Tim Marshall

Does anybody believe what the Taliban tell us?

The new rulers of Afghanistan promise they have changed, but this seems unlikely


Men adjust the Taliban flag before the arrival of Taliban spokesperson Zabihullah Mujahid (unseen) to address the first press conference in Kabul on August 17, 2021 following the Taliban stunning takeover of Afghanistan. (Photo by Hoshang Hashimi / AFP) (Photo by HOSHANG HASHIMI/AFP via Getty Images)

August 26, 2021 18:38

The old Taliban saying? “You have the watches, but we have the time”. Now it’s us who must wait. We wait to see if Taliban 2.0 is different, or if its leadership’s exposure to PR while in exile in Qatar taught it that the West likes to hear rational statements about learning from mistakes and tends to believe them.

It matters, and not just for the Afghans. If this is 2.0, then within its interpretation of sharia law, the Talban might allow some vestiges of freedom, and even allow girls to read and write. It could also mean it will not seek to spread its violence across the borders of its six neighbours, nor give shelter to al-Qaeda.

The track record of despotic regimes honouring cheap talk is not good. A quick glance next door to Iran and the assurances given by Ayatollah Khomeini in 1979 is a case in point. A close eye on possible negative scenarios may be prudent. And rational.

Taliban 1.0 enjoyed killing Afghanistan’s Shia Hazara community so much that it managed to murder 8,000 of them in just one year (1998) in Mazar-i-Sharif alone. The ideology behind such psychotic violence is unlikely to have been diluted much in just two decades. Shia-dominated Iran wants stability on its border, but will act, probably clandestinely, if the Hazara are threatened. Heading clockwise round the map, Turkmenistan, Uzbekistan and Tajikistan have their own jihadist groups and fear that the Taliban will give them assistance. Russia is moving to reinforce relations with the Central Asian Republics, to deny the Americans a foothold there and create a buffer to prevent radical Islamist ideology from strengthening in the Caucuses.

Next is China. Its border with Afghanistan is in Xinjiang province, home to the repressed Uighur Muslim population. Unconcerned with despotic forms of government or human rights abuses, China may be the first country to recognise the new order. That should be enough of a carrot for the Taliban to keep the border quiet and, unless there is a civil war, to invite China in to hoover up Afghanistan’s rare earth materials.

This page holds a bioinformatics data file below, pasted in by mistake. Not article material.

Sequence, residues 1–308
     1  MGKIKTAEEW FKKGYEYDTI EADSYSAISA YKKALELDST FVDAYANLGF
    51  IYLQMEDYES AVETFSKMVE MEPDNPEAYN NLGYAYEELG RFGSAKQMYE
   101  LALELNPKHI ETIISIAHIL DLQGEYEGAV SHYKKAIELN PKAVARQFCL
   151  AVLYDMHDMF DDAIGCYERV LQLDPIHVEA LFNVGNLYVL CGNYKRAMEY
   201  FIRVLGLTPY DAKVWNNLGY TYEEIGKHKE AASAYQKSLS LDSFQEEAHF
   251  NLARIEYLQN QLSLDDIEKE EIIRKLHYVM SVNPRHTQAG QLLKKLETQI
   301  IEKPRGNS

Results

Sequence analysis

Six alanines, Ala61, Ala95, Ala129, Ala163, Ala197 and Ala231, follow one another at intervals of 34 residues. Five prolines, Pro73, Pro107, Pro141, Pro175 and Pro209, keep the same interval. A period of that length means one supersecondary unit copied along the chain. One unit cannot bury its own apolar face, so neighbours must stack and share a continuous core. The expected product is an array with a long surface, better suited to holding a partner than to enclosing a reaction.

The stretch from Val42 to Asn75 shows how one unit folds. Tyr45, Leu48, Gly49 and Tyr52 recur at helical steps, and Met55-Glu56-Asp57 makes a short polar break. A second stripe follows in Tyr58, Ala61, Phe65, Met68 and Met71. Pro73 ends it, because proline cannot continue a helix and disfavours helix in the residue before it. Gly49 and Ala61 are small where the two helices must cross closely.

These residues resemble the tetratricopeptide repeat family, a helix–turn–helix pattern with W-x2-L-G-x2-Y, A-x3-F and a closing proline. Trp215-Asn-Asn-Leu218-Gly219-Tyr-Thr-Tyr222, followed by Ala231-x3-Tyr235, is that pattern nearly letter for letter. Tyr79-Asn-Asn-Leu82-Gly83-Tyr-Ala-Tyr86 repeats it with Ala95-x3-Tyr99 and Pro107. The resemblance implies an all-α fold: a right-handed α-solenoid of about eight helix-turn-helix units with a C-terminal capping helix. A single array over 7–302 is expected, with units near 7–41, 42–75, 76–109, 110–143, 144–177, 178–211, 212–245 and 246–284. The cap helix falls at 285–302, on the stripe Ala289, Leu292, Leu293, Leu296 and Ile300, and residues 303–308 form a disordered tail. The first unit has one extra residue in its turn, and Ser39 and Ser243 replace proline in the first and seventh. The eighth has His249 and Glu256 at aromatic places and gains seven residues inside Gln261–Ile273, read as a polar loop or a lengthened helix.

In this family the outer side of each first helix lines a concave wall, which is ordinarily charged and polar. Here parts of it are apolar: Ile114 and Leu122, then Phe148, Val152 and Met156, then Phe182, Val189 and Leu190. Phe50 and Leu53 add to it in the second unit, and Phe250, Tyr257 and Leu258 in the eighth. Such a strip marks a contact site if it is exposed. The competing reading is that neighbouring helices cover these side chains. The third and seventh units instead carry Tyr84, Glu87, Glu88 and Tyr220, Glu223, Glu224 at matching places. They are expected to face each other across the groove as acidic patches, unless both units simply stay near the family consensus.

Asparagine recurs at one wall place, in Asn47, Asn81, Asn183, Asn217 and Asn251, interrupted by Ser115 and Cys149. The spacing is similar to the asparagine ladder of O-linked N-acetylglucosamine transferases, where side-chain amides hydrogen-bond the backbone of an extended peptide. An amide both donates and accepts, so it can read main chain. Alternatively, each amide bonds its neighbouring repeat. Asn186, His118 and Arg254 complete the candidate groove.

Many in the Pakistan government view the Taliban victory with glee but it could come back to bite them. Elements within the intelligence services have supported the Taliban for decades to have a friendly government in Afghanistan and prevent Indian influence there. But the Taliban are overwhelming ethnically Pashtun and have strong relationships with the Pakistan Taliban in the Pashtun regions across the border. The danger now is that the Afghan Talibs may not feel beholden to Islamabad, but instead help their cousins next door and threaten Pakistan itself.

Harder to quantify, but very real, is the inspiration that the defeat of the Americans and their allies is giving to jihadist groups in the Middle East and Africa. The lesson drawn is that the Americans have the kit but not the will to keep their promises. Therefore, the jihadist ideologues can tell recruits that their faith is stronger than the unbelievers and point to Afghanistan as proof. All you must do is keep fighting and the territory will be yours. This argument has already been made to Palestinian groups and is heard in Jordan and beyond.

Some of the intended audience for this call to arms will head to Afghanistan if, as feared, it again becomes a safe space in which to train and then use to project violence. The Taliban says it will not shelter al-Qaeda. Many experts are sceptical, and it’s thought the Taliban has assured al-Qaeda (AQ) that they remain allies. The Haqqani network within the Taliban coalition is thought to still harbour AQ fighters within its ranks. The moral code of the Pashtunwali (The Way of the Pashtun) includes guidance about unconditional hospitality for guests. The Taliban also share some of the same ideological values as al-Qaeda, making it difficult for them to break ties. It doesn’t mean they won’t; switching allegiances is another hallmark of warfare in Afghanistan, and has been for centuries. But the Taliban in Qatar (and now Kabul) can say one thing to the media and foreign governments, but do the opposite in most parts of a country which is almost three times the size of the UK.

So let’s wait. And watch. Closely.

August 26, 2021 18:38

Want more from the JC?

To continue reading, we just need a few details...

Want more from
the JC?

To continue reading, we just
need a few details...

Get the best news and views from across the Jewish world Get subscriber-only offers from our partners Subscribe to get access to our e-paper and archive